USDA changes Seg 2 peanut grading requirements
Georgia Farm Bureau
The USDA has revised the Minimum Quality and Handling standards for domestic and imported peanuts marketed in the United States, according to the USDA’s Agricultural Marketing Service.
This rule implements a recommendation from the Peanut Standards Board (PSB) to raise the grading score used to classify farmer stock peanuts as Segregation 2 from 2.49 percent damaged kernels to 3.49 percent damaged kernels.
The PSB, which is comprised of U.S. peanut producers and industry representatives, recommended the change in September 2016 to bring the grading scores that were left over from the old peanut quota program in line with changes made to the peanut program in the 2002 farm bill.
Georgia Farm Bureau, along with eight other peanut stakeholder organizations, asked the PSB to make the change in July 2016.
“We’re pleased that the USDA accepted the board’s recommendation to adjust the percentage used to grade farmer stock peanuts as Segregation 2,” Georgia Farm Bureau President Gerald Long said. “Under these requirements, farmers will receive a more accurate value when their peanuts are graded Segregation 2.”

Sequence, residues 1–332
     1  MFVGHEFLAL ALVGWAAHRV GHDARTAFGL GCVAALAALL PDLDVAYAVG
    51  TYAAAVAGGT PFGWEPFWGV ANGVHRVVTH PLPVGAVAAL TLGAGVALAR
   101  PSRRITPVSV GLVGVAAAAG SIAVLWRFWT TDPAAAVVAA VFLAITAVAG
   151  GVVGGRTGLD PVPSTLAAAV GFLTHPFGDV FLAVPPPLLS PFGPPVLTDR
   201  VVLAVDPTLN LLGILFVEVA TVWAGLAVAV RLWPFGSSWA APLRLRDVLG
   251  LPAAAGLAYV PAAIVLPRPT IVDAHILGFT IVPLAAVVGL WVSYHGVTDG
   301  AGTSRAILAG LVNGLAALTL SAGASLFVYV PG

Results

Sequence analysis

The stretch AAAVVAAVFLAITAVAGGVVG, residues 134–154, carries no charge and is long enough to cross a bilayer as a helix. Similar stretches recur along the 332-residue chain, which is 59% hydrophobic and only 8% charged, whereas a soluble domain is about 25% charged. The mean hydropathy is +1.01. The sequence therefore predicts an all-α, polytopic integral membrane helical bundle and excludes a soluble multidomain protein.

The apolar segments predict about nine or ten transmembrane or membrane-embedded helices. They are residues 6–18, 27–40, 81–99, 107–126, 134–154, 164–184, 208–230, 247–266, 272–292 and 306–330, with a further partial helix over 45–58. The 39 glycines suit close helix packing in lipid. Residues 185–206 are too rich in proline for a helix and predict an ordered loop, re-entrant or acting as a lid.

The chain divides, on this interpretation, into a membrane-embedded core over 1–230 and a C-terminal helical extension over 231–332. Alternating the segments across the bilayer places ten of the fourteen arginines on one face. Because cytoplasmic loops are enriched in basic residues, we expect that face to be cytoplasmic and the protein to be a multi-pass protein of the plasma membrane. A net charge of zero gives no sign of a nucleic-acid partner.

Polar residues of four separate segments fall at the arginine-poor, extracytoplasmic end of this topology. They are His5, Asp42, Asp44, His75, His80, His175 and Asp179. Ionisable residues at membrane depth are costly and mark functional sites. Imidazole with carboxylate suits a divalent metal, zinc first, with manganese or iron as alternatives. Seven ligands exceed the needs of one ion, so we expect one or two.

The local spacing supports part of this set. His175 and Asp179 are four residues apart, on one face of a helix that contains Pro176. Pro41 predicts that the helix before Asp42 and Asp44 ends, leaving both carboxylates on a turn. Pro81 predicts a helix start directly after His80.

The board requested the change to reduce farmers’ financial risk. Segregation 2 peanuts usually account for less than 1 percent of the U.S. peanut crop, but an individual grower who has his entire crop graded Segregation 2 could face financial ruin. The loan value for Segregation 2 peanuts is typically about $200 a ton less than for Segregation 1 peanuts. Using new technology, damaged peanuts can be conditioned and resold at market value without affecting quality of nuts delivered to customers.
“A farmer having a majority of their crop graded as Segregation 2 is an economic devastation which could lead to bankruptcy, while the true value seems to be significantly higher," Georgia Peanut Commission Chairman Armond Morris said.
The notice announcing the changes was published in the Federal Register on Oct. 20, 2017. The rule will be effective Feb. 1, 2018, in order for the change to be implemented for the next crop year.